MIAMI -- Friday will go down statistically as another solid start, albeit in a 5-1 loss to the Marlins, for Rockies rookie right-hander Jon Gray.The only two runs Gray allowed in six innings came on Christian Yelich's expert swing for a two-run homer in the sixth -- not bad after
MIAMI -- Friday will go down statistically as another solid start, albeit in a 5-1 loss to the Marlins, for Rockies rookie right-hander Jon Gray.
The only two runs Gray allowed in six innings came on Christian Yelich's expert swing for a two-run homer in the sixth -- not bad after spending the whole time searching for his command.
"I just didn't feel great tonight, overall, didn't really have much command," Gray said. "I just had to leave it all out on the field and battle."
The wipeout slider that helped him to 68 strikeouts in 59 1/3 innings going into Friday didn't show up until well into the game. The fastball command was spotty.
Yet it's hard to pin much of the loss, which ended a four-game win streak and was the Rockies' third in the last 11 games, on Gray. The Rockies managed just one hit, while Gray scattered six hits with four strikeouts and two walks.
"It took a few innings for Jonny to settle in, but he was putting up zeros all along, then he found his slider -- his slider was really good," Rockies manager Walt Weiss said.
Gray pitched around a leadoff walk to Marcell Ozuna in the second and Derek Dietrich's one-out infield single in the second. After Giancarlo Stanton singled with one out in the fourth, Gray preserved some pitches by inducing a double play.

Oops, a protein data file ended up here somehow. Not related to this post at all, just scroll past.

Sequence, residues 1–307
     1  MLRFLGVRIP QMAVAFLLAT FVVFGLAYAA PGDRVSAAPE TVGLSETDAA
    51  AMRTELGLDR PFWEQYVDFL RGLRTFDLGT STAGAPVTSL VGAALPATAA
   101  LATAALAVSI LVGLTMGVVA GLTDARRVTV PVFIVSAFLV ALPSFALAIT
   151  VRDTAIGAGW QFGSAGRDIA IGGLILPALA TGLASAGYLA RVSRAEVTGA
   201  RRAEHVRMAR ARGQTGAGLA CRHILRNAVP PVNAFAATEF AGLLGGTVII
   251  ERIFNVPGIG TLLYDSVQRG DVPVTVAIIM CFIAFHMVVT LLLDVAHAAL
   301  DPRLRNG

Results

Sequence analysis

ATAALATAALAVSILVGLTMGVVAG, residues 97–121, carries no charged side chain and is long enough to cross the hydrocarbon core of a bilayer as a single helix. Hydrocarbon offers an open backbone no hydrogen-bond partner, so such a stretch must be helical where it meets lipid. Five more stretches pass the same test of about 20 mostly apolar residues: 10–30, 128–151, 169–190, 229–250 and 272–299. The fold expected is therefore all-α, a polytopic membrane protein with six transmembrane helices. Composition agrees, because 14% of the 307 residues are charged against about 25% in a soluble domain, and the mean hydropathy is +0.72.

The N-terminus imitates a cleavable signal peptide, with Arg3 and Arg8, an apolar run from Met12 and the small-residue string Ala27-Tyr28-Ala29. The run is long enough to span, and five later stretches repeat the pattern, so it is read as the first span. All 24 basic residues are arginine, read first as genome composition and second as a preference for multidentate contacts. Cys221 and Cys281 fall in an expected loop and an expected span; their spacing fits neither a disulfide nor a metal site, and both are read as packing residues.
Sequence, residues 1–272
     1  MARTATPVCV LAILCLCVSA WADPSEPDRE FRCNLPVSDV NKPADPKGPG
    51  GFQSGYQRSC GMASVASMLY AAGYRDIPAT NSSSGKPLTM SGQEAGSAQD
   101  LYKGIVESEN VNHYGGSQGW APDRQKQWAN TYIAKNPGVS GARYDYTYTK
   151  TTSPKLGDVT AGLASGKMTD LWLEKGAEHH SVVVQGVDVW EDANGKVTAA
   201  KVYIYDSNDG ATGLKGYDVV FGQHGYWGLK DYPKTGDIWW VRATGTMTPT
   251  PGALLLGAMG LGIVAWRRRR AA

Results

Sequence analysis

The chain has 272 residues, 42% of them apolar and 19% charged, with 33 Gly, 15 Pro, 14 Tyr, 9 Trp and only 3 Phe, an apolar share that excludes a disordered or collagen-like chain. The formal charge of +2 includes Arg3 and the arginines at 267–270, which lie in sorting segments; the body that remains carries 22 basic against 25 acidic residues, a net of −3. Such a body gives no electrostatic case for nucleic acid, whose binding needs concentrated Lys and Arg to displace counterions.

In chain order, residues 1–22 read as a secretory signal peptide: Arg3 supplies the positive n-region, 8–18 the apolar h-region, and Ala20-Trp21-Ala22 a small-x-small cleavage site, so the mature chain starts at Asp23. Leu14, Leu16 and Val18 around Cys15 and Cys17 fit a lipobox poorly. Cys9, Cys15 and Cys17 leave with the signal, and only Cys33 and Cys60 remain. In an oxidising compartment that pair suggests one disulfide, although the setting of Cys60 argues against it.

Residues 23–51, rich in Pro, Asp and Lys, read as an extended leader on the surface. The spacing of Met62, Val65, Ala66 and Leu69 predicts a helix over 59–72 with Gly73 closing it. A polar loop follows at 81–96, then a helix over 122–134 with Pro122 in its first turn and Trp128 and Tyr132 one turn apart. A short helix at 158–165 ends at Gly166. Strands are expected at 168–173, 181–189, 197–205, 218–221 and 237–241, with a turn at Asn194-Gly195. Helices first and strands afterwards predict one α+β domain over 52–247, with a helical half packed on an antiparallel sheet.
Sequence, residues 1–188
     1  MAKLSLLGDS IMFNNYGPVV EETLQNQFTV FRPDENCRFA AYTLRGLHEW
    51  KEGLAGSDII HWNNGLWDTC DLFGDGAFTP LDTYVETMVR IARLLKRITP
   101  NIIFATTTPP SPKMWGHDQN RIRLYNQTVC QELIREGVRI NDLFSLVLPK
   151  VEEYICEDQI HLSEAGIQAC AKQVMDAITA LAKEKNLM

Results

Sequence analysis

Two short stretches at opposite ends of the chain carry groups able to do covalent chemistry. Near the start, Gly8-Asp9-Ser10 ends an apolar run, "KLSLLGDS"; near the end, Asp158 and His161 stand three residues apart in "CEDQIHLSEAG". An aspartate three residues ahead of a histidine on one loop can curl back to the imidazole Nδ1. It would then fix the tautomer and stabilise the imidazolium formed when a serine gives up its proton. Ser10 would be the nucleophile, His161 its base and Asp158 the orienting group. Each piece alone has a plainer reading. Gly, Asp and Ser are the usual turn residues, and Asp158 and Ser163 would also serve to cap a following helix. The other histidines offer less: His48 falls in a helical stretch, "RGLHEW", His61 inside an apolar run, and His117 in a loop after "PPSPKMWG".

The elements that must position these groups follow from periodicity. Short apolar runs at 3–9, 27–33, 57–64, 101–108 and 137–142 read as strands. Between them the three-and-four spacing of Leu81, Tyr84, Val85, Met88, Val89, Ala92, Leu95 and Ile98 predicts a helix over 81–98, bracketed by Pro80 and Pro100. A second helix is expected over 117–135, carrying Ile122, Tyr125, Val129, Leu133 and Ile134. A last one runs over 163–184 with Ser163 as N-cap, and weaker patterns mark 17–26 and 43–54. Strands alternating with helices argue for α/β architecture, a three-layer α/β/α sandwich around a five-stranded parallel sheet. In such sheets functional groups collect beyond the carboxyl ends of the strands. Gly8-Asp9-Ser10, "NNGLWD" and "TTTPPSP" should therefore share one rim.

Gray wasn't upset about the Yelich home run, which came on a 2-0 changeup -- a pitch that takes patience and timing to knock over the fence. Dietrich led off with a single to right before Gray forced Martin Prado into a bouncer that was too slow for the infield to turn a double play.
"Him hitting the ball out of the yard was not on my mind right there," Gray said. "It was either him taking it or rolling over, hitting it foul. Hats off to him for that. The real problem was the guy on first."
Ozuna singled and Stanton drew a walk, but grounders from Bour and J.T. Realmuto completed a decent night for Gray. The chance to win eluded the Rockies, however, when reliever Gonzalez Germen gave up a leadoff single to Ichiro Suzuki and coughed up three runs on two hits and a walk in the seventh.
Gray kicked himself for giving up the Rockies' lead after their only hit -- Carlos Gonzalez's double -- led to Ryan Raburn's bases-loaded hit batsman in the sixth. But Gray saw the big picture: He doesn't have to be at his best to give the Rockies a shot to win.
"I was just tricking myself into competing every time," Gray said. "I was going to make every pitch competitive. I struggled with the strike zone early, but after the first three innings, I did a little better. I was able to get through six innings."
Thomas Harding has covered the Rockies since 2000, and for MLB.com since 2002. Follow him on Twitter @harding_at_mlb, listen to podcasts and** like his Facebook page**.